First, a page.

Throughout her life, her works were inspired by the International Style and often reflected the design approach from Bauhaus School. This was mainly since she was mentored by Ludwig Mies van der Rohe and later worked under Walter Gropius, both of which were former Bauhaus directors.

With a multidisciplinary approach to design, Knoll followed the philosophy of ‘total design.’ This meant design thinking in its whole, and not in categories. From the exterior to the entire environment of the space, colour, graphics, functions and included every aspect of design in its true sense. At a time when corporate interiors were characterised by monotonous walls adorned with hefty drawers, she introduced the concepts of ‘open’ offices which most of the time included flexible spaces with utmost functionality and were filled with light.

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This was beyond the stereotypical boundaries and gave office interiors a new identity. By applying architecture principles of modernism, she revolutionized the workspace culture and reduced everything to its bare minimum as taught by her teacher Mies van der Rohe.

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Courtesy of Knoll, Inc.

Along with ground-breaking ideas in the expanse of Interior Design, she also collaborated with her effective circle of designers such as Eero Saarinen, and Charles Eames. She commissioned and licensed pieces of iconic furniture which are now termed classics. Eero Saarinen’s Tulip series to Harry Bertoia’s wire side chairs could all be due to Knoll Basset’s influence. Furthermore, she acquired the license of iconic furniture designs such as Cyclone table, Barcelona Chair, Diamond Chairall of which remain in production to date.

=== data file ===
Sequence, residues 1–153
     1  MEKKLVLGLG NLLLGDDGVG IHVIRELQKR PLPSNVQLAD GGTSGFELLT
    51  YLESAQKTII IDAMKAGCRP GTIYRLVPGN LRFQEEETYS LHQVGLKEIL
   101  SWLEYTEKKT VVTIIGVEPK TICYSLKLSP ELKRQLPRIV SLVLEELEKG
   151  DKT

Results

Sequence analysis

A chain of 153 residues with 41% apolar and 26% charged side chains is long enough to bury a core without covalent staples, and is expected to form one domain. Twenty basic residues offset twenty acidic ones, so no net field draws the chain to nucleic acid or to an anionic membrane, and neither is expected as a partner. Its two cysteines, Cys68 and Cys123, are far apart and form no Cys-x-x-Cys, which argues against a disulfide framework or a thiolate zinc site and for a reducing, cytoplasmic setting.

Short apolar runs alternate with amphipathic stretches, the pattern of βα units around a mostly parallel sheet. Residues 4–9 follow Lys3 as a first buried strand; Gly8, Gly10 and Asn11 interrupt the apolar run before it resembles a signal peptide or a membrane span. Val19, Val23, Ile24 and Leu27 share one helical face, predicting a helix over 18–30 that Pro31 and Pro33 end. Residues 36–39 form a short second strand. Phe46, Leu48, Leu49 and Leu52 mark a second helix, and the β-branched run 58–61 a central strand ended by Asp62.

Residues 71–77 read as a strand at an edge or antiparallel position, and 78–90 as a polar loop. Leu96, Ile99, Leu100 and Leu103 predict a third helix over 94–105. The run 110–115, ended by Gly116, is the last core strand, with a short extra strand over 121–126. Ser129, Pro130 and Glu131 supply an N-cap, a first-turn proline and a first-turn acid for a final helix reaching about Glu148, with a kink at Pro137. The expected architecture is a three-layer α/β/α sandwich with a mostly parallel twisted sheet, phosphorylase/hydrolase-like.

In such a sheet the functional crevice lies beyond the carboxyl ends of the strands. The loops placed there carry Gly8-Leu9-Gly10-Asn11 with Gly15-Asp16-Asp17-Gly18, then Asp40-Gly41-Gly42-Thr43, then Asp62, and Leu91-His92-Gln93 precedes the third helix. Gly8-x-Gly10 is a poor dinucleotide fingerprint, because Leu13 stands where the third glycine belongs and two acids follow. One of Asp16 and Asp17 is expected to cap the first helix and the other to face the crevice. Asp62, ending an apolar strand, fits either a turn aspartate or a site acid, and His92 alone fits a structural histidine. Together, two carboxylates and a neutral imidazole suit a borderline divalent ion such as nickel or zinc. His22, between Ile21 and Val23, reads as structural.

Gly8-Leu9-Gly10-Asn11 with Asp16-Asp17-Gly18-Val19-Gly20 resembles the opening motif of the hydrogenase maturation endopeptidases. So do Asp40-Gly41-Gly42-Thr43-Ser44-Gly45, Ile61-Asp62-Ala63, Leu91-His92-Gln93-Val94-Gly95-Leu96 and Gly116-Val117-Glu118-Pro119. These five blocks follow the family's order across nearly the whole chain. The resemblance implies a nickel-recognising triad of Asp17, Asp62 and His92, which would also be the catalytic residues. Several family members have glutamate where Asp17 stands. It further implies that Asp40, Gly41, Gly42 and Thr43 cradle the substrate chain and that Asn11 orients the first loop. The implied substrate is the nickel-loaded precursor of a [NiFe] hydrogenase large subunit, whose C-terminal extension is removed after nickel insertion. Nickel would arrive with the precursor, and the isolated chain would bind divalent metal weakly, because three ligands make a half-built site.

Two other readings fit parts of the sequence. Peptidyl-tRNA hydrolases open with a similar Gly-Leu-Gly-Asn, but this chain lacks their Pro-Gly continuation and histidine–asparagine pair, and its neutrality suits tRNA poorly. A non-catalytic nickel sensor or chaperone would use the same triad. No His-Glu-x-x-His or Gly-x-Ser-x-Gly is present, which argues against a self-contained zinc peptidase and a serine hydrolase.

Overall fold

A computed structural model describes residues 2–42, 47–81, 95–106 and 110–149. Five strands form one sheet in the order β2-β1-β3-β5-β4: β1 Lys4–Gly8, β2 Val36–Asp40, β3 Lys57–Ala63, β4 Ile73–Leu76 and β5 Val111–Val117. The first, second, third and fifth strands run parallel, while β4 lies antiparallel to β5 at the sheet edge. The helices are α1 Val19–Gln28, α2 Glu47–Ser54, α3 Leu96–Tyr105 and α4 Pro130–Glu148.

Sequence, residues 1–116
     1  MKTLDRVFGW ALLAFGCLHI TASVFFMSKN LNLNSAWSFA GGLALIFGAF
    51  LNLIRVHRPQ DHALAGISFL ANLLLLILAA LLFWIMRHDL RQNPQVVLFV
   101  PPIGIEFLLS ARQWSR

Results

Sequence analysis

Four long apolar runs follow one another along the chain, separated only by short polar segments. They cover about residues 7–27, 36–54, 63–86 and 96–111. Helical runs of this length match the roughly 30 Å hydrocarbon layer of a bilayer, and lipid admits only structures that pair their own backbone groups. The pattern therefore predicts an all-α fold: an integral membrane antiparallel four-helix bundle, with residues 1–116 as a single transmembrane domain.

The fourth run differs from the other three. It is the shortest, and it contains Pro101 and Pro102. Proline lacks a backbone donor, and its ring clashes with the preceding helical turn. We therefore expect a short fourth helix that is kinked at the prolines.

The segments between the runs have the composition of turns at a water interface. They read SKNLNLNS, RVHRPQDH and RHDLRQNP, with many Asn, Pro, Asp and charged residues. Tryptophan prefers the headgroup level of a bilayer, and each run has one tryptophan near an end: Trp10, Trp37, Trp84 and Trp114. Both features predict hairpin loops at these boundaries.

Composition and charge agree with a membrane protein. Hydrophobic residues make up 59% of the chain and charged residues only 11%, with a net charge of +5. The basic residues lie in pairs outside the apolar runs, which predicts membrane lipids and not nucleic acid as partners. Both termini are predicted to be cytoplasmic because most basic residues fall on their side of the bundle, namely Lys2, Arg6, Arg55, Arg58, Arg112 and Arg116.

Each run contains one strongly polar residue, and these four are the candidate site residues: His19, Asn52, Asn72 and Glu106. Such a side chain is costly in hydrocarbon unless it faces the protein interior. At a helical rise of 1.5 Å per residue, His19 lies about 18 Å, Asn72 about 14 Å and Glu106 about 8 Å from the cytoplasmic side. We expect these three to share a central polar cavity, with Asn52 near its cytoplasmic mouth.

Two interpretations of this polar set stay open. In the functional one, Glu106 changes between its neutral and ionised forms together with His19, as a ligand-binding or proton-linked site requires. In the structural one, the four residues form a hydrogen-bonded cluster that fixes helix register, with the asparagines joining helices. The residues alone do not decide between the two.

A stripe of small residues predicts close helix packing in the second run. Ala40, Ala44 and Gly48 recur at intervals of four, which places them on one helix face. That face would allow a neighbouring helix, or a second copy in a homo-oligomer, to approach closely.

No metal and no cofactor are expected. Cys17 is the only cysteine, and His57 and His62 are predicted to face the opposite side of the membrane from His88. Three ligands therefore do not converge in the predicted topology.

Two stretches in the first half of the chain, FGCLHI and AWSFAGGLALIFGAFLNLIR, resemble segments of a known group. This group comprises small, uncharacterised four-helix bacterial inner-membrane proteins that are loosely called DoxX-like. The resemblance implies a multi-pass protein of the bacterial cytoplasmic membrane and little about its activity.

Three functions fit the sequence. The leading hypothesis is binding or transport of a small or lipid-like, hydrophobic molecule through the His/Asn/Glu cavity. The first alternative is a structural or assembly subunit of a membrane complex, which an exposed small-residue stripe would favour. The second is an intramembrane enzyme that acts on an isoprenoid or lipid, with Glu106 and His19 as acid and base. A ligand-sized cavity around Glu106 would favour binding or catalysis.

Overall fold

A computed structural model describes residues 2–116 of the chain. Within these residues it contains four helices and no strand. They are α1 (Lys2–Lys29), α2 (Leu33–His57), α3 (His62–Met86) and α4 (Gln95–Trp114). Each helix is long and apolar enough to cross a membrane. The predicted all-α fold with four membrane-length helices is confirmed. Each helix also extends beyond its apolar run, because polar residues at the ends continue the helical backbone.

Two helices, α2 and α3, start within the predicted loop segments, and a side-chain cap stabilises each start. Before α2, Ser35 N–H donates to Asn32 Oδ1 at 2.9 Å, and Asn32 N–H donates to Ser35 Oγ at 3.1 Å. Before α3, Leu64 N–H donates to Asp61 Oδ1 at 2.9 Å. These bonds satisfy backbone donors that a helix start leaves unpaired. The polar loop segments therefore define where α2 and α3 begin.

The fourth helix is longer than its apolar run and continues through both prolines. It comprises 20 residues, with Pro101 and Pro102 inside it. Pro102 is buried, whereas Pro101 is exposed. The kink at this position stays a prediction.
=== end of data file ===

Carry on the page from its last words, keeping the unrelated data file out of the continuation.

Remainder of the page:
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Courtesy of Knoll, Inc.

Besides defining the ubiquitous open-plan office and several other achievements in her hand, she is also the first woman to receive the Gold Medal for Industrial Design from the American Institute of Architects in 1961, while in 2003 she was presented with the National Medal of Arts. However, in 1960 she resigned from the presidency of Knoll, Inc. to focus on design and development. In 1965, after an unprecedented career worldwide with futuristic concepts and aesthetics, Florence Knoll Bassett retired from the company. 

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To commemorate her achievements, in 2004 after much persuasion by the Philadelphia Museum of Art, Knoll Bassett at the age of 87 curated and designed a small exhibition of her work. The work culminated into, “Florence Knoll Bassett: Defining Modern,” in collaboration with the curator Kathryn Hiesinger. Her contribution to the industry is immeasurable and remains an inspiration for many such women.  

Author

Kanika Trivedi is an architect and a writer who believes in Design Activism. Architectural writing can be a strong means to spread awareness about the underlying issues in architecture fraternity. She also believes that a space is nothing without its context and so there is a lot to learn while you incessantly explore new circumstances and their interpretations.